Gulf Countries Show Interest in Kurdish Potatoes

In an exciting development, the fertile lands of the Kurdistan Region of Iraq (KRI) are putting the region on the international agricultural map, with the KRI now becoming the so

Gulf Countries Show Interest in Kurdish Potatoes
November 21, 2023

In an exciting development, the fertile lands of the Kurdistan Region of Iraq (KRI) are putting the region on the international agricultural map, with the KRI now becoming the source of choice for a culinary favorite: potatoes. 

Fresh from its successful exports in exporting agricultural products to the United Arab Emirates (UAE), the Kurdistan Regional Government (KRG) has struck yet another deal, this time with Saudi Arabia, to supply 3,000 tons of premium potatoes to the Kingdom. As of October 23, the first batch, weighing 250 tons, departed from Erbil for Riyadh, marking a significant milestone in Kurdish agricultural expansion.

This recent move highlights the rising prominence of the KRI’s agricultural sector and underscores the KRG’s commitment to fostering international trade partnerships. As foreign demand for the KRI’s bountiful produce grows, so do the opportunities for local businesses, especially those in the agriculture industry.

International markets 

Aura Company, a key player in Kurdish agriculture and agricultural product warehousing, has already been making strides in exporting Kurdish potatoes. Owner Haji Sabir describes the company’s journey into international markets, which began with potato exports to the UAE.

Working alongside relevant government agencies from the UAE and the KRG, Aura Company initially secured a 5,000-ton potato contract, which later expanded to 9,500 tons. 

To ensure seamless exports to the UAE, Aura Company took the strategic step of establishing its own warehouse in the region, which has helped address potential challenges associated with product transportation, ensuring a steady supply of fresh Kurdish potatoes to the UAE market.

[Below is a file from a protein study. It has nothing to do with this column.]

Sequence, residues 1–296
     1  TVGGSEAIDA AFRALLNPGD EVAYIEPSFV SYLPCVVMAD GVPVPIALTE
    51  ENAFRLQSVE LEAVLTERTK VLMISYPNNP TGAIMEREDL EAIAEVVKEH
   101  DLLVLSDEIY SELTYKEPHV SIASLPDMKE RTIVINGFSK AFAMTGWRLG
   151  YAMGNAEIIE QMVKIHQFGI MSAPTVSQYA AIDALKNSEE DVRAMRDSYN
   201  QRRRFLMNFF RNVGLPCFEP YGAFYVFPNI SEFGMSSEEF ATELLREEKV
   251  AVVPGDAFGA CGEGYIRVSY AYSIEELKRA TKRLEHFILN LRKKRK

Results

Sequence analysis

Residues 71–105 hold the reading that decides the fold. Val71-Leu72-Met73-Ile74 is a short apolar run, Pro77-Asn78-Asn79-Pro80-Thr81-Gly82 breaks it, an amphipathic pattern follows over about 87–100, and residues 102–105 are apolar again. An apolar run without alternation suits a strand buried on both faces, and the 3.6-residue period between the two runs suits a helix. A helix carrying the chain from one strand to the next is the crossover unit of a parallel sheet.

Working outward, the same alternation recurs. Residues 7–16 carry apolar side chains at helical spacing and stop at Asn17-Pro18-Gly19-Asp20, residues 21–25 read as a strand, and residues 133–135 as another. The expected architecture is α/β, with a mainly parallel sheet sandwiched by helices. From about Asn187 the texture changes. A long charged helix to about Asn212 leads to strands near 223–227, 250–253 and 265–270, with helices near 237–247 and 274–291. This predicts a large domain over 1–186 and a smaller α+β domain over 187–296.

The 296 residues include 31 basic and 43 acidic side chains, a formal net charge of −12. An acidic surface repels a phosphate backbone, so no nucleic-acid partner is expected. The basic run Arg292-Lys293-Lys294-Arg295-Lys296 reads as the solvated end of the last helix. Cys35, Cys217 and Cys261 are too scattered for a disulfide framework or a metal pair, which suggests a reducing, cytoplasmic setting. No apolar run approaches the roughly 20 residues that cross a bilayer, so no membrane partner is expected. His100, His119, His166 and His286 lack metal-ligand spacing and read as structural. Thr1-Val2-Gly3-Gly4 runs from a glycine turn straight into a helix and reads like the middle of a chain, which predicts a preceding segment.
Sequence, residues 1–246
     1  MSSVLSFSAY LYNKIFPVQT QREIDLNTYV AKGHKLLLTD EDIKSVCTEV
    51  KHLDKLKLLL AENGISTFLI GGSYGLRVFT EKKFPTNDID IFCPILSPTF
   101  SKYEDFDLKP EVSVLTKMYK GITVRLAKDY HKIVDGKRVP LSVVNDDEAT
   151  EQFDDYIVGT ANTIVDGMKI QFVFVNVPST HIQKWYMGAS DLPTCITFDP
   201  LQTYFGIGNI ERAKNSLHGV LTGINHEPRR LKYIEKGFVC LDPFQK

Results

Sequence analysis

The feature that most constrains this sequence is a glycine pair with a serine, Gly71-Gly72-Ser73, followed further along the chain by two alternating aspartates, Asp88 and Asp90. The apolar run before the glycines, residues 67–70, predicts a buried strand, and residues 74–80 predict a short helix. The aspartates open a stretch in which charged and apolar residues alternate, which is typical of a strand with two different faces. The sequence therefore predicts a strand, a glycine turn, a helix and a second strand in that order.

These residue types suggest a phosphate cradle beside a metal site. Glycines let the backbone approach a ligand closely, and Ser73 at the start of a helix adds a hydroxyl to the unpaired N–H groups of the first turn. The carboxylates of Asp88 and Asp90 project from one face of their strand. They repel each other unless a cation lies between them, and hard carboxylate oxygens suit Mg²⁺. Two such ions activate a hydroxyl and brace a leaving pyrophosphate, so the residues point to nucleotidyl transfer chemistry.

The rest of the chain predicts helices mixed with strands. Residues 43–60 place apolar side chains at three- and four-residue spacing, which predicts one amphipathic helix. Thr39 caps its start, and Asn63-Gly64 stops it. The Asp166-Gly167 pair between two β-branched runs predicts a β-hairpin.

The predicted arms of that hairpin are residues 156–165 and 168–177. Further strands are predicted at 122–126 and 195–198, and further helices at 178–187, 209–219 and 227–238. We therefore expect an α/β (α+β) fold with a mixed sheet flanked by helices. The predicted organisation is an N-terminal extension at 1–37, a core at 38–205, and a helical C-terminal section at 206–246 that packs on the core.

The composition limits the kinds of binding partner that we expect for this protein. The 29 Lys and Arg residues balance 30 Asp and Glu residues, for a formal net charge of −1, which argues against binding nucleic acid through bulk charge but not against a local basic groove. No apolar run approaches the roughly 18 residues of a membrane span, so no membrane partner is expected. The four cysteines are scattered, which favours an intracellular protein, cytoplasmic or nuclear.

Quality matters

As the demand for Kurdish potatoes continues to rise, Saudi Arabia has emerged as the second international destination for this delectable export. A new contract has been inked between Aura Company and a Saudi partner, with the backing and coordination of the Saudi government, to import 3,000 tons of potatoes. The chosen variety, known as “artificial Hermes,” has been particularly favored for its exceptional quality.

“Quality matters, and our products speak for themselves,” says Haji Sabir. “The artificial Hermes variety has garnered significant attention in Saudi Arabia, which has already received 350 tons. Their enthusiasm has kept us busy, and they are eager to know just how much we can export daily.”

The potatoes requested by Saudi Arabia are not limited to the artificial Hermes. To meet different culinary demands, the Kingdom has also placed orders for the Vontan and Babylon potato varieties, which are experiencing a supply shortage. The exports, as per the agreement, will continue until November 15 of this year.

A promising future for Kurdish agriculture

One cannot help but marvel at the exciting prospects unfolding in the KRI’s agricultural landscape. With a steady stream of orders from international markets and the opportunity to showcase the rich variety of potatoes and other produce grown in the region, the agricultural sector is poised for continued growth and success.

The price of Kurdish potatoes heading to Saudi Arabia currently stands between $350 and $400 per ton, a competitive and attractive rate for these high-quality products. As these exports gain momentum, it is only a matter of time before other countries come to appreciate the agricultural treasures that Kurdistan has to offer.

Foreigners keen to savor the rich, fertile flavors of the KRI through its premium potatoes are in for a treat. In these humble spuds, one can taste the future of Kurdistan's flourishing agricultural industry.

Mohammad Dargalayi is a journalist and photographer with 13 years of experience. He is a member of International Federation of Journalists.

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